• Federal Policies Keeping Autonomous Vehicles In Slow Lane

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    In the first installment of this two-part article, attorneys at Faegre Drinker examine recent federal regulations and programs related to autonomous vehicles — and how the federal government's failure to implement a more comprehensive AV regulatory scheme may be slowing the progress of the industry.

  • What UCC Article 12 Adoption Means For Digital Assets

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    Until it is widely adopted, both owners of digital assets and their secured lenders will need to exercise caution in jurisdictions that have adopted Uniform Commercial Code Article 12, and care will need to be taken when creating, transferring and managing digital assets to comply with its requirements, say Margo Tank and David Whitaker at DLA Piper.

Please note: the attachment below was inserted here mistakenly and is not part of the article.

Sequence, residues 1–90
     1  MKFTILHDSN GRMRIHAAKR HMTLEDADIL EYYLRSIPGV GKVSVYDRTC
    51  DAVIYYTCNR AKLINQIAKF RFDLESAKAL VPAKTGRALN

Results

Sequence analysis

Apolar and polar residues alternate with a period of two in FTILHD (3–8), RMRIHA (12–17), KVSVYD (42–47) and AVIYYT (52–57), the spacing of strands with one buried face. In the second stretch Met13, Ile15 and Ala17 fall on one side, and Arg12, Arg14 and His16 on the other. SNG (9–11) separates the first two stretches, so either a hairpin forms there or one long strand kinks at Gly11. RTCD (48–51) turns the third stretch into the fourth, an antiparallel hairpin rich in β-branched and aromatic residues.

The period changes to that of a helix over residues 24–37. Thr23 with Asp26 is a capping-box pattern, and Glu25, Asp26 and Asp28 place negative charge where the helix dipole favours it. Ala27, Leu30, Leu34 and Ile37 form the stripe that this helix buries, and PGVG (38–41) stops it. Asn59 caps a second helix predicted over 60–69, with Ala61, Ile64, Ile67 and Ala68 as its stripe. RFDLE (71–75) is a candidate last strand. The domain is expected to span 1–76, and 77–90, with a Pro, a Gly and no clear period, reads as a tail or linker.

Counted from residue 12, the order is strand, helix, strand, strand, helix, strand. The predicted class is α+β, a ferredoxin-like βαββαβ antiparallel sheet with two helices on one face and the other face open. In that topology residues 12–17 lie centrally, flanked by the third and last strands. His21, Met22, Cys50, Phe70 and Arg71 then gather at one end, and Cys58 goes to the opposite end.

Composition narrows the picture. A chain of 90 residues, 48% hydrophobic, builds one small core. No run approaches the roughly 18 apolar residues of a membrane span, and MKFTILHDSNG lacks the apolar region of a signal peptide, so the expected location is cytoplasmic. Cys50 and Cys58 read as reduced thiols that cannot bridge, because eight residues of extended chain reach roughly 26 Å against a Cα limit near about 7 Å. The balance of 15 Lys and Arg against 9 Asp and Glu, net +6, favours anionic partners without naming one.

• 5th Circ. Ruling Reminds Attys That CBP Can Search Devices

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    The Fifth Circuit’s recent Malik v. Department of Homeland Security decision adds to the chorus of federal courts holding that border agents don’t need a warrant to search travelers’ electronic devices, so attorneys should consider certain special precautions to secure privileged information when reentering the U.S., says Jennifer Freel at Jackson Walker.

  • Pesticide Labeling Bill, 9th Circ. Case Could Cut Prop 65 Suits

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    Both a pending bill in the U.S. House of Representatives and a case currently on appeal before the Ninth Circuit could constrain California's ability to require Proposition 65 warnings on pesticide products — thus potentially preventing numerous lawsuits and bringing relief to businesses across the country, say attorneys at Alston & Bird.

  • Avoiding The Ethical Pitfalls Of Crowdfunded Legal Fees